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Economic Justice | Housing Discrimination
LDF filed an amicus curiae ("friend of the court") brief in the United States Supreme Court in Magner v. Gallagher. In Magner, a group of private landlords of low-income housing challenged the City of St. Paul's practice of selectively targeting them for heightened housing code enforcement. The plaintiffs alleged that this practice increased the costs of maintaining their housing stock and eventually forced them out of the low-income housing market. The loss of these units exacerbated an existing housing shortage in the City, adversely affecting the proportionately large population of black City residents who rely on affordable housing.
The district court ruled for the City on summary judgment. The Eighth Circuit Court of Appeals reversed, concluding that plaintiffs had presented sufficient evidence of their claim to withstand summary judgment. The City sought en banc review of the panel's decision, which was denied. The City then filed a petition for certiorari with the United States Supreme Court on two highly technical, but critically important questions for civil rights.
These questions are whether the principle of "disparate impact" exists under the 1968 Fair Housing Act (FHA) and, if so, which test courts should use to evaluate disparate impact claims. Every federal court of appeals that has addressed the question has concluded that disparate impact exists. However, the courts have been split on the applicable standard.
"Disparate impact" occurs when government or private actors pursue practices that have a disproportionately harmful effect on African Americans, people of color, and other groups protected by the FHA. Although such practices may in fact be motivated by an intent to discriminate on the basis of race, disparate impact doctrine does not require proof of intent. Rather, it is focused purely on the consequences of a disputed practice. For this reason, disparate impact is a powerful tool for promoting fair housing opportunity and meaningful housing integration under the FHA.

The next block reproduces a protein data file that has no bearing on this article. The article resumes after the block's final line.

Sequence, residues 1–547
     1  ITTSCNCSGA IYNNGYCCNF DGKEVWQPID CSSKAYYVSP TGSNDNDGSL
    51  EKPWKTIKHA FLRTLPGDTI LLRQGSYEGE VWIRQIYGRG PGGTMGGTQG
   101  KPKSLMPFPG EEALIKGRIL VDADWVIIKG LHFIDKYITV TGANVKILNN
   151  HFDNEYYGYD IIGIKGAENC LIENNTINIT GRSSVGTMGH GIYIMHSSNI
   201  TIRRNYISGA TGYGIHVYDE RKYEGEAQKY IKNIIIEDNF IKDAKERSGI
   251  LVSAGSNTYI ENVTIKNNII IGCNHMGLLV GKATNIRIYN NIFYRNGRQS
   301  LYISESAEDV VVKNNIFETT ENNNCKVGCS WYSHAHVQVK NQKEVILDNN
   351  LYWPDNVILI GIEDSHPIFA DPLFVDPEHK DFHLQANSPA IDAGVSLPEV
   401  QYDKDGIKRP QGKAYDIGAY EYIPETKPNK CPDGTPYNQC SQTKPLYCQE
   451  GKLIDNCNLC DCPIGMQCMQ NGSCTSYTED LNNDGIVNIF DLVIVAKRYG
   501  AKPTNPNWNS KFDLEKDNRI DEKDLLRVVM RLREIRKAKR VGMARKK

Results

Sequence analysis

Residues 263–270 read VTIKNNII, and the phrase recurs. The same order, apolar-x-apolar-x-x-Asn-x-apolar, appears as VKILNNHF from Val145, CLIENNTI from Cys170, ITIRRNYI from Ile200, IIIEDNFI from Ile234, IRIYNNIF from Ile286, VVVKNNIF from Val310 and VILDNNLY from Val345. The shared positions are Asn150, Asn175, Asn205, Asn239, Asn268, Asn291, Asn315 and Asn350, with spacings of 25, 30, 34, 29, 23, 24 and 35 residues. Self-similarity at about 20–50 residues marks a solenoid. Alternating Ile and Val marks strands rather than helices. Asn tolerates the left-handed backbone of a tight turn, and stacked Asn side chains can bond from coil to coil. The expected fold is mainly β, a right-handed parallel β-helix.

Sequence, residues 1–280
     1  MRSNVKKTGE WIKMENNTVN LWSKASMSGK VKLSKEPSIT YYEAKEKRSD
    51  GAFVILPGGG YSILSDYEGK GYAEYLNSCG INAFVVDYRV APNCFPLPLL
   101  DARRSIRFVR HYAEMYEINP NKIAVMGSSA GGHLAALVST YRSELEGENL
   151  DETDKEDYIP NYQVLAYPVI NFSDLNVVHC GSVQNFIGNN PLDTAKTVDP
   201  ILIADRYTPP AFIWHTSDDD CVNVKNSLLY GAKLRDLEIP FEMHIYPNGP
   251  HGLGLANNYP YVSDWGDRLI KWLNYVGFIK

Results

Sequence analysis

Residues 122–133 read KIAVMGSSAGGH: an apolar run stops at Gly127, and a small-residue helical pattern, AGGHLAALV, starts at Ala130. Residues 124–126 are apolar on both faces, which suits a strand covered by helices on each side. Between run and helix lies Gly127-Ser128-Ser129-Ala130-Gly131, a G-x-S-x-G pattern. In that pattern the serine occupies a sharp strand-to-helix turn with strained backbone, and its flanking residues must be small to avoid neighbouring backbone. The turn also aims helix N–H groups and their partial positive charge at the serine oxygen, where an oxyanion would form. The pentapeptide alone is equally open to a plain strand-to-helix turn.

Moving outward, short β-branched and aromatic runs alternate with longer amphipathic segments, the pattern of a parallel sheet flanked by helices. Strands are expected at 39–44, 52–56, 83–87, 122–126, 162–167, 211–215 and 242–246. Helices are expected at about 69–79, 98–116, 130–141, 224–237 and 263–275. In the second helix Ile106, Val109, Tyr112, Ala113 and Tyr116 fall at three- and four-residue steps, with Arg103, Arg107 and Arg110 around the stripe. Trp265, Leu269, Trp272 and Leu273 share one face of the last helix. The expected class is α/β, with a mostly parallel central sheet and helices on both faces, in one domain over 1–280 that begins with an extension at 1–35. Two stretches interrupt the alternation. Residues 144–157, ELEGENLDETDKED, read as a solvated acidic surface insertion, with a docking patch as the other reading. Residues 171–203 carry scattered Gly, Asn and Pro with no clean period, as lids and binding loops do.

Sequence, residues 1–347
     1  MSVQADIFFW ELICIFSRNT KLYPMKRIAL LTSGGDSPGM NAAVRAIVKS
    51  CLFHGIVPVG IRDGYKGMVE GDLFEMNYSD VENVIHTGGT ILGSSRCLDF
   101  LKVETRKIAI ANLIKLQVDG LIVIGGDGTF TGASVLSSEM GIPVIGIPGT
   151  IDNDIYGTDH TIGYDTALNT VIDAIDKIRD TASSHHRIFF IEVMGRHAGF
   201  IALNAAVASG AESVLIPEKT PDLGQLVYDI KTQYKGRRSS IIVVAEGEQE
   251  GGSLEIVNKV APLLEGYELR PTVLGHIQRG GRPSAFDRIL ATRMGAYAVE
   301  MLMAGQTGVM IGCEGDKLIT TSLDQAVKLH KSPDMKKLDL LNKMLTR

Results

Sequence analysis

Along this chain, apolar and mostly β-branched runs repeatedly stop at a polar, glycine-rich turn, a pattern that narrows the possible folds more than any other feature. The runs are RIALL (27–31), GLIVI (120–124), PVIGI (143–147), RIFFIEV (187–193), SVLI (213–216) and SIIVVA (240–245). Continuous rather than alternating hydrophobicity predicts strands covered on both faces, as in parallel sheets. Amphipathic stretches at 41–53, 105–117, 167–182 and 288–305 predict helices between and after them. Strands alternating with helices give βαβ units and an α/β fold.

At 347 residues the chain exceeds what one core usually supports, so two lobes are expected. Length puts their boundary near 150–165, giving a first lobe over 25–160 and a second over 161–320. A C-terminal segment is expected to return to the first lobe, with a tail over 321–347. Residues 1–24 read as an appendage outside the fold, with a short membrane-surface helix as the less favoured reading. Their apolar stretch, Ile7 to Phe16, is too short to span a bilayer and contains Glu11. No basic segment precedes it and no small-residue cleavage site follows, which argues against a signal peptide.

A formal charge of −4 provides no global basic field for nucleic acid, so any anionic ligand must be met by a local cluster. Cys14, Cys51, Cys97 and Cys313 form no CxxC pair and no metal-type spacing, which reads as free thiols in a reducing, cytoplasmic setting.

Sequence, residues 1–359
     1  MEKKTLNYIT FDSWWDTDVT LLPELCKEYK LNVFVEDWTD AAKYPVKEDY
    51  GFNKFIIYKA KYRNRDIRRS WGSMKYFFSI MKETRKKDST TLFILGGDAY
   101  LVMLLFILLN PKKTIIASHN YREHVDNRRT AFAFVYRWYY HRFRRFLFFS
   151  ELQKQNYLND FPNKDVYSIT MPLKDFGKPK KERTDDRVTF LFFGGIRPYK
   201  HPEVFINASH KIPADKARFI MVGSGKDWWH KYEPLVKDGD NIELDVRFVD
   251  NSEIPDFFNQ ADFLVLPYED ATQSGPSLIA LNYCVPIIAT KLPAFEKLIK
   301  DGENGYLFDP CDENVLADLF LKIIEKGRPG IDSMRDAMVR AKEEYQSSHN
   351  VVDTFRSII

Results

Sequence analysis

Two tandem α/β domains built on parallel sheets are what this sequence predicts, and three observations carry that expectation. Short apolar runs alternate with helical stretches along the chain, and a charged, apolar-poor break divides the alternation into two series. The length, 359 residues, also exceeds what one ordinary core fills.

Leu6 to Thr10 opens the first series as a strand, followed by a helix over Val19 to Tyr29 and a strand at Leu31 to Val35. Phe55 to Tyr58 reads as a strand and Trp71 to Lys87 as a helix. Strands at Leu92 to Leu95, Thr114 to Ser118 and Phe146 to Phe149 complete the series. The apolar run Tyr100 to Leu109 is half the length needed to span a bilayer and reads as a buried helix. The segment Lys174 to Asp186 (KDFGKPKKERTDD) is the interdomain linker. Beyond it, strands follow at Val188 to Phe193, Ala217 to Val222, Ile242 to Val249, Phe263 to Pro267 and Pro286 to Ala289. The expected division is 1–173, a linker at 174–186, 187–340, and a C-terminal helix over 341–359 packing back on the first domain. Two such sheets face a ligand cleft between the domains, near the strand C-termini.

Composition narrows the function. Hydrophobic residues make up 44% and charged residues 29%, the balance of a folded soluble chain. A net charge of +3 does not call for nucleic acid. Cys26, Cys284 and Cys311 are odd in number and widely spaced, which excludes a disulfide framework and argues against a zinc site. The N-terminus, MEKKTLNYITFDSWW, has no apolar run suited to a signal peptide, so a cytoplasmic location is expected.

LDF's amicus brief supports the burden-shifting test, which is used by a majority of courts to adjudicate fair housing claims and is also the governing standard in disparate-impact cases in employment. Through its rule-making powers, the U.S. Department of Housing & Urban Development recently proposed burden-shifting as the test for disparate-impact claims under the FHA. Under burden-shifting, the plaintiff must first show that the disputed practice produced adverse effects. After the plaintiff makes this showing, the defendant is required to demonstrate that the practice has a "necessary and manifest relationship to a legitimate, nondiscriminatory interest." If the defendant satisfies this requirement, the plaintiff may prevail by identifying an alternative, less discriminatory means for achieving the same objective. LDF argues that burden-shifting is workable, fair, and effective at rooting out discrimination because it allows plaintiffs to identify and eliminate practices that produce unjustified racial disparities.
The case will be argued in the Supreme Court on February 29.